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Clinicomycological profile of tinea capitis in children residing in orphanages

Authors: A. G. Sajjan, S. S. Mangalgi
Int J Biol Med Res. 2012; 3(4): 2405-2407  |  PDF File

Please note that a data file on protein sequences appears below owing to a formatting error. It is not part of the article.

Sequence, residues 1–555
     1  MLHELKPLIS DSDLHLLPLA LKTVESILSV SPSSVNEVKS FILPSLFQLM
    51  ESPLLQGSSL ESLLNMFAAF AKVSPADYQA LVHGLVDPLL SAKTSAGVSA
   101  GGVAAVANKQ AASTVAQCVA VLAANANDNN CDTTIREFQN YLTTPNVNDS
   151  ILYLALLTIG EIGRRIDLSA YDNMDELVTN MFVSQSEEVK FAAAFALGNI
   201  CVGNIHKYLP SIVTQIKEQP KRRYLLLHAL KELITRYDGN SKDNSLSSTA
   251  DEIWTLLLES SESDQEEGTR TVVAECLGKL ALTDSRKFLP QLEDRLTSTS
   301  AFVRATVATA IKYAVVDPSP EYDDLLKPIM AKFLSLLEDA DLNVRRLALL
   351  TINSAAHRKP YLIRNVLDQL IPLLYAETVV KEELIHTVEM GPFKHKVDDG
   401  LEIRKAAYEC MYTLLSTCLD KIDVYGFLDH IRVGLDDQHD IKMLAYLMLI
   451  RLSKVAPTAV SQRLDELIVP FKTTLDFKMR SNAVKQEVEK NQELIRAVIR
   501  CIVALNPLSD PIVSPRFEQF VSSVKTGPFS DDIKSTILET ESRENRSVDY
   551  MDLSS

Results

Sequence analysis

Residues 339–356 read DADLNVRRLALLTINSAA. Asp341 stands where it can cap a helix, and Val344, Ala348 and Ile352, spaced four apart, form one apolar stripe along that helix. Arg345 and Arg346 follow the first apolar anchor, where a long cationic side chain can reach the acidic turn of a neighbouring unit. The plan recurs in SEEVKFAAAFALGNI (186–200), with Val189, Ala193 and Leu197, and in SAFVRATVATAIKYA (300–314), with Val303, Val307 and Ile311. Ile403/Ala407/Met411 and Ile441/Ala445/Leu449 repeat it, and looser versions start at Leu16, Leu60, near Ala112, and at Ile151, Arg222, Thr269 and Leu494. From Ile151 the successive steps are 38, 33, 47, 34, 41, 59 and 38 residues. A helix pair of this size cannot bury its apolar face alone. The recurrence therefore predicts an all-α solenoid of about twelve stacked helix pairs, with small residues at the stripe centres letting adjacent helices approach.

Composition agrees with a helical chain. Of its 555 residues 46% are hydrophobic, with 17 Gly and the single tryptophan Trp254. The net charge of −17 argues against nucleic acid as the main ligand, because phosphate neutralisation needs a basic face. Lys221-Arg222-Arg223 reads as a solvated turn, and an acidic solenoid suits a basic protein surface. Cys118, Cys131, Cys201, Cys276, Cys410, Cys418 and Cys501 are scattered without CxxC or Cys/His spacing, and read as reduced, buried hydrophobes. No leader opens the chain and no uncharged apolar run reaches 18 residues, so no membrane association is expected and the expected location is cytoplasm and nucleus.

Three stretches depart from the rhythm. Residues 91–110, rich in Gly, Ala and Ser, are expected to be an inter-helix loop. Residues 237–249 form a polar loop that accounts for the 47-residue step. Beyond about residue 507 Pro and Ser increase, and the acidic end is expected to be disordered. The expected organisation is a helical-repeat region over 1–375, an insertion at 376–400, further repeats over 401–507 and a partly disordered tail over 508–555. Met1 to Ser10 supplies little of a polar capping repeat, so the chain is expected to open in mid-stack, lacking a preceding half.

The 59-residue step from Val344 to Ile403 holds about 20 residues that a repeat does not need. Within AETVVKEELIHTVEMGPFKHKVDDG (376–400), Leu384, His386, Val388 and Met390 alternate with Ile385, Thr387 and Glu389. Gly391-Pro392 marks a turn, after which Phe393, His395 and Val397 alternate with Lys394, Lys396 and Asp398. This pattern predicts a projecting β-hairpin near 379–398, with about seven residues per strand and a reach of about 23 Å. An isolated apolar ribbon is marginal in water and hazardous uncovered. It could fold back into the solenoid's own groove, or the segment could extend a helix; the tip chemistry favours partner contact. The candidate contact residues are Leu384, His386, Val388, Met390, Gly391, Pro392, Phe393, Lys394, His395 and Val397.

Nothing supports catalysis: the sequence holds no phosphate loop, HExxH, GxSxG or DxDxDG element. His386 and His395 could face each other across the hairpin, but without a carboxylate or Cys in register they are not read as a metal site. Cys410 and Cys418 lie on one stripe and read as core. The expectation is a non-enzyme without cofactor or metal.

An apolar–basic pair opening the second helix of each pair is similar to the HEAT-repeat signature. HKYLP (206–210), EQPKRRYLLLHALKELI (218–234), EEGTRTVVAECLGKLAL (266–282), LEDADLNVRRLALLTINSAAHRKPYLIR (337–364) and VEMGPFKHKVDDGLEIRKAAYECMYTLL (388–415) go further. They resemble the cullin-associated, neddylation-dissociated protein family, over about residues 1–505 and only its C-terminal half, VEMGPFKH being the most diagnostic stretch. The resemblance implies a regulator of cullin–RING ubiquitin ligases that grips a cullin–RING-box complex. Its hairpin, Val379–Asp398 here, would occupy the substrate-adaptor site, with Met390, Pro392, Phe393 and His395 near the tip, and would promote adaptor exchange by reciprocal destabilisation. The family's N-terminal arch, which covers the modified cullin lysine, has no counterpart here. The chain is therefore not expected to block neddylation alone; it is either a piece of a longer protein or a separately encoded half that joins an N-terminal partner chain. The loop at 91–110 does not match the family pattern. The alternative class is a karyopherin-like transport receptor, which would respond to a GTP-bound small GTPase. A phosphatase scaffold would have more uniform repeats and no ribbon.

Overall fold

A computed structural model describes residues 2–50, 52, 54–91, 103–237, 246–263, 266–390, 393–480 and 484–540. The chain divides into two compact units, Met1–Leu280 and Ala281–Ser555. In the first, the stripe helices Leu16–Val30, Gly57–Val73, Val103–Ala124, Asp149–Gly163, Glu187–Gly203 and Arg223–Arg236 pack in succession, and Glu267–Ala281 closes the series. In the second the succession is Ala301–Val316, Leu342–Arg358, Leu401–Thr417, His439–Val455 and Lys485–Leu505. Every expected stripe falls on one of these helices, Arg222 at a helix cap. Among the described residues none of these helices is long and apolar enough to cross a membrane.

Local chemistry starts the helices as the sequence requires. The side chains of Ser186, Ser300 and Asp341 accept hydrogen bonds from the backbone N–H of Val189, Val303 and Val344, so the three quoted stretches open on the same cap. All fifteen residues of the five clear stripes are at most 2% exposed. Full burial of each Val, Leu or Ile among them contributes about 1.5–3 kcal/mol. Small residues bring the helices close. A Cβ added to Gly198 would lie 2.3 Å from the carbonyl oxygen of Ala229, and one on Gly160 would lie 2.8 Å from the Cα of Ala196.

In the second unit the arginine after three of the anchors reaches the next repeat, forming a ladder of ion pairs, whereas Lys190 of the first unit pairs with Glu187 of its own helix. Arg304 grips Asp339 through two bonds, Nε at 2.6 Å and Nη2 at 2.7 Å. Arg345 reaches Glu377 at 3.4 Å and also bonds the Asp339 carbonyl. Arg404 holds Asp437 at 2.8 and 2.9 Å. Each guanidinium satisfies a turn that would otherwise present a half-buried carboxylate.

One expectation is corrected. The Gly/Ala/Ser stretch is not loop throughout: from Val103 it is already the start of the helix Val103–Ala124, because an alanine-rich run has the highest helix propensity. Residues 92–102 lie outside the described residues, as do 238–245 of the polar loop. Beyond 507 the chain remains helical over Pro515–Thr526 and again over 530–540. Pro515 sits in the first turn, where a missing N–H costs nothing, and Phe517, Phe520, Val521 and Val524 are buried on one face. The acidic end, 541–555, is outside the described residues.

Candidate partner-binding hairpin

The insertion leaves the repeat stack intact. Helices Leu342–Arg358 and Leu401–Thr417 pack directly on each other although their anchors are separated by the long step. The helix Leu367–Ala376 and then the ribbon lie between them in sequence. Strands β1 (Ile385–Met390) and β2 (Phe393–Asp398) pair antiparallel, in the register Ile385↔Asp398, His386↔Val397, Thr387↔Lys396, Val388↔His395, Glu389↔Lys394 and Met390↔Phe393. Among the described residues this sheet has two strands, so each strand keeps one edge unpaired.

Abstract Introduction: Tinea capitis is the most common dermatophyte infection of the scalp affecting mainly children and rarely adults. It is closely related to the socio-economic and hygienic conditions typical of the lower strata of rural and urban population. Aims: The study was undertaken to delineate clinical and mycological profile of tinea capitis among children residing in orphanages and compare the sensitivity and specificity of KOH microscopy and culture. Materials and methods: A total of 218 children residing in orphanages were included in this cross sectional study. Results: Among the 218 children screened, 51 (23.3%) showed the clinical evidence of tinea capitis. Grey patch was the commonest clinical type (54.9%). Direct microscopic examination was positive in 68.62% cases. Dermatophytes were isolated in 43.13% cases and Trichophyton rubrum was the commonest species (50%) isolated. Conclusions: The results of this study reveal that tinea capitis is very common in children with a low socioeconomic profile (low standard of living, poor hygiene, overcrowded living conditions and poor health education).